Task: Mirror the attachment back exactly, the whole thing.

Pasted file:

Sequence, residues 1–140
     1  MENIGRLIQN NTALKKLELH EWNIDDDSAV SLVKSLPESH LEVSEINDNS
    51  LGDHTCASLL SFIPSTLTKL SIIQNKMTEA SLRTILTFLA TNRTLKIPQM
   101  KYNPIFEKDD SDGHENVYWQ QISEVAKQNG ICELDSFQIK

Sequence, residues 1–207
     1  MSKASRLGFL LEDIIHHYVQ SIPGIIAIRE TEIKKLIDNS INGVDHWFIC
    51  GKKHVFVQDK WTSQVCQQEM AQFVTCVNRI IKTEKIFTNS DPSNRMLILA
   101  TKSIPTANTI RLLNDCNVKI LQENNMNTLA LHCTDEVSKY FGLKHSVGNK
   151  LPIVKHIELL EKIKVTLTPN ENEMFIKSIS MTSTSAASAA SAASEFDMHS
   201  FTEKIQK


Sequence, residues 1–140
     1  MENIGRLIQN NTALKKLELH EWNIDDDSAV SLVKSLPESH LEVSEINDNS
    51  LGDHTCASLL SFIPSTLTKL SIIQNKMTEA SLRTILTFLA TNRTLKIPQM
   101  KYNPIFEKDD SDGHENVYWQ QISEVAKQNG ICELDSFQIK

Sequence, residues 1–207
     1  MSKASRLGFL LEDIIHHYVQ SIPGIIAIRE TEIKKLIDNS INGVDHWFIC
    51  GKKHVFVQDK WTSQVCQQEM AQFVTCVNRI IKTEKIFTNS DPSNRMLILA
   101  TKSIPTANTI RLLNDCNVKI LQENNMNTLA LHCTDEVSKY FGLKHSVGNK
   151  LPIVKHIELL EKIKVTLTPN ENEMFIKSIS MTSTSAASAA SAASEFDMHS
   201  FTEKIQK